(/ˈseɪbə/; Dutch pronunciation: [ˈsaːbɑ])[4] is a Caribbean island which is the smallest special municipality (officially “public body”) of the Netherlands.[5] It consists largely of the potentially active volcano Mount Scenery, at 887 metres (2,910 ft) the highest point of the entire Netherlands. Saba
Saba
has a land area of 13 square kilometres (5.0 sq mi). As of January 2013[update], the population was 1,991 inhabitants, with a population density of 150 inhabitants per square kilometre (390/sq mi).[1] Its towns and major settlements are The Bottom (the capital), Windwardside, Hell's Gate and St
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Anatolian Plate
The Anatolian Plate
Anatolian Plate
or the Turkish Plate[1] is a continental tectonic plate comprising most of the Anatolia
Anatolia
(Asia Minor) peninsula (and the country of Turkey). To the east, the East Anatolian Fault, a left lateral transform fault, forms a boundary with the Arabian Plate.[2] To the south and southwest is a convergent boundary with the African Plate
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Anatolia
Anatolia
Anatolia
(Modern Greek: Ανατολία, Anatolía, from Ἀνατολή, Anatolḗ, modern pronunciation Anatolí;[needs IPA] Turkish: Anadolu "east" or "(sun)rise"), also known as Asia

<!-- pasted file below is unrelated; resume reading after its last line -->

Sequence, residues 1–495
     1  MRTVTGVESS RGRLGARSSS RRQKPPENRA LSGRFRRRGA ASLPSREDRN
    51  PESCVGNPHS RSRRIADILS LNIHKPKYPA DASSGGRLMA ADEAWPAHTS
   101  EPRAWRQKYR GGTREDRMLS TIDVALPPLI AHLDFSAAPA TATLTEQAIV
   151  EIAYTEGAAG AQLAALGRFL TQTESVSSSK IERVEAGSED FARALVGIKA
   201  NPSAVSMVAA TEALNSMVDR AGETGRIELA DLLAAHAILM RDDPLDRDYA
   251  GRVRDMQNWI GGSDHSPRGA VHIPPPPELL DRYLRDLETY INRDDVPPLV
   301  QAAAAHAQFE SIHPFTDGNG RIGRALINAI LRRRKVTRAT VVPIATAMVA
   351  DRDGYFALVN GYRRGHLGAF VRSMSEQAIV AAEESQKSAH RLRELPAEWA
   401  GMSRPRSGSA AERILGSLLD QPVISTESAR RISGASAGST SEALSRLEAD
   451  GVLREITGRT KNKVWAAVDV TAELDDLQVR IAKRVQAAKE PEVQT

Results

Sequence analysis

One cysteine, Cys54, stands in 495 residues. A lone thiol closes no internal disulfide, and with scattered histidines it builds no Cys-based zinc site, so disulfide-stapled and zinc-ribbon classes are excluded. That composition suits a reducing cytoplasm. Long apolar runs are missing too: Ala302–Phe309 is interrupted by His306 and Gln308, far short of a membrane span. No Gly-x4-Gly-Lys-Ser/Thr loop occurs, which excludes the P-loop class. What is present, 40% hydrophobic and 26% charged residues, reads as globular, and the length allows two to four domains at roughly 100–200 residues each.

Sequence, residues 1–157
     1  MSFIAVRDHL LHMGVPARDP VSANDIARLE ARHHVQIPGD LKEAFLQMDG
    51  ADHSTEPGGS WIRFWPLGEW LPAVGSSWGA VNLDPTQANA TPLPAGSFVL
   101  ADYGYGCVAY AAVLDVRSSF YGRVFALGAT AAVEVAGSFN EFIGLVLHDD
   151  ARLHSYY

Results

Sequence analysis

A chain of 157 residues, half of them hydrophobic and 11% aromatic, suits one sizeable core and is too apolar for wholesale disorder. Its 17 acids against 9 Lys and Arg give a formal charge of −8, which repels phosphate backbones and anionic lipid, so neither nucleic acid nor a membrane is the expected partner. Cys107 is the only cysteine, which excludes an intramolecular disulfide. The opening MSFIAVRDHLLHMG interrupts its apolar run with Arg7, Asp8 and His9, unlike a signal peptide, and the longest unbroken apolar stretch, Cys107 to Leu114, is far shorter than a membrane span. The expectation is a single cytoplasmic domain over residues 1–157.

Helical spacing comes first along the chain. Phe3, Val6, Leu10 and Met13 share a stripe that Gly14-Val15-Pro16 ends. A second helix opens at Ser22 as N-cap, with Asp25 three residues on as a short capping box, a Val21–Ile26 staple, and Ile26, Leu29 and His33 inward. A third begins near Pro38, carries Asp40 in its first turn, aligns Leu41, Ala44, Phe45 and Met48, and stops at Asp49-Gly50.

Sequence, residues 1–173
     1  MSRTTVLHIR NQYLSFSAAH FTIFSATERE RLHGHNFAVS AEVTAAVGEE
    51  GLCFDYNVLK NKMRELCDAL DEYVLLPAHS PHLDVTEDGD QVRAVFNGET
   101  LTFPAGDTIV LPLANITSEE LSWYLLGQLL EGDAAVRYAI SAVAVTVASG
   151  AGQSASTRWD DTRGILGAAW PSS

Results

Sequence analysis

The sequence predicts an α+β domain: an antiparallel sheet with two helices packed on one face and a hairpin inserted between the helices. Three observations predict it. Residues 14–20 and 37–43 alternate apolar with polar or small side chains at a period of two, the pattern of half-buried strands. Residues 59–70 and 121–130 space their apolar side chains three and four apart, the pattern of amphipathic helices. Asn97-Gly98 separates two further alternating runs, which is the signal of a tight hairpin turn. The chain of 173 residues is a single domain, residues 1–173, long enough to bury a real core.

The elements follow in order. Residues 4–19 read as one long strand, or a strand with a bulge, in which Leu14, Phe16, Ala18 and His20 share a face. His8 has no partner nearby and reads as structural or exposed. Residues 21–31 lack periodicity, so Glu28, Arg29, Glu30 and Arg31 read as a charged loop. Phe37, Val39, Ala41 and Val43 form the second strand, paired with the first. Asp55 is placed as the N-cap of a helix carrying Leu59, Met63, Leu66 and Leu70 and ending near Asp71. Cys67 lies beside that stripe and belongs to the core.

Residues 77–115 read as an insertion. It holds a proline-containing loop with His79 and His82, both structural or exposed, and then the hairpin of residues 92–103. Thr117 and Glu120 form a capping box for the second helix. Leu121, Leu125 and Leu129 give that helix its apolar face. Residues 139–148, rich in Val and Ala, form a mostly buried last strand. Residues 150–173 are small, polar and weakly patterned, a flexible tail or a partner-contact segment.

Asia
Minor (in Medieval and Modern Greek: Μικρά Ἀσία, Mīkrá AsíaTurkish: Küçük Asya, , modern pronunciation Mikrá Asía – "small Asia"), Asian Turkey, the Anatolian peninsula, or the Anatolian plateau, is the westernmost protrusion of Asia, which makes up the majority of modern-day Turkey. The region is bounded by the Black Sea
Black Sea
to the north, the Mediterranean Sea
Mediterranean Sea
to the south, and the Aegean Sea
Aegean Sea
to the west
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Dutch Caribbean
The Dutch Caribbean
Dutch Caribbean
(historically known as the Dutch West Indies) refers to territories, colonies, and countries, both former and current, of the Dutch Empire
Dutch Empire
and the Kingdom of the Netherlands
Kingdom of the Netherlands
that are located in the Lesser Antilles
Lesser Antilles
archipelago of the Caribbean Sea. Current territories comprise the islands of Aruba, Curaçao, Sint Maarten, Bonaire, Sint Eustatius, and Saba
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Island
An island or isle is any piece of sub-continental land that is surrounded by water.[2] Very small islands such as emergent land features on atolls can be called islets, skerries, cays or keys. An island in a river or a lake island may be called an eyot or ait, and a small island off the coast may be called a holm. A grouping of geographically or geologically related islands is called an archipelago, such as the Philippines, for example. An island may be described as such, despite the presence of an artificial land bridge; examples are Singapore
Singapore
and its causeway, and the various Dutch delta islands, such as IJsselmonde. Some places may even retain "island" in their names for historical reasons after being connected to a larger landmass by a land bridge or landfill, such as Coney Island
Coney Island
and Coronado Island, though these are, strictly speaking, tied islands
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Israel
Coordinates: 31°N 35°E / 31°N 35°E / 31; 35State of Israelמְדִינַת יִשְׂרָאֵל (Hebrew) دَوْلَة إِسْرَائِيل (Arabic)FlagEmblemAnthem: "Hatikvah" (Hebrew for "The Hope")(pre-) 1967 border (Green Line)Capital and largest city Jerusalem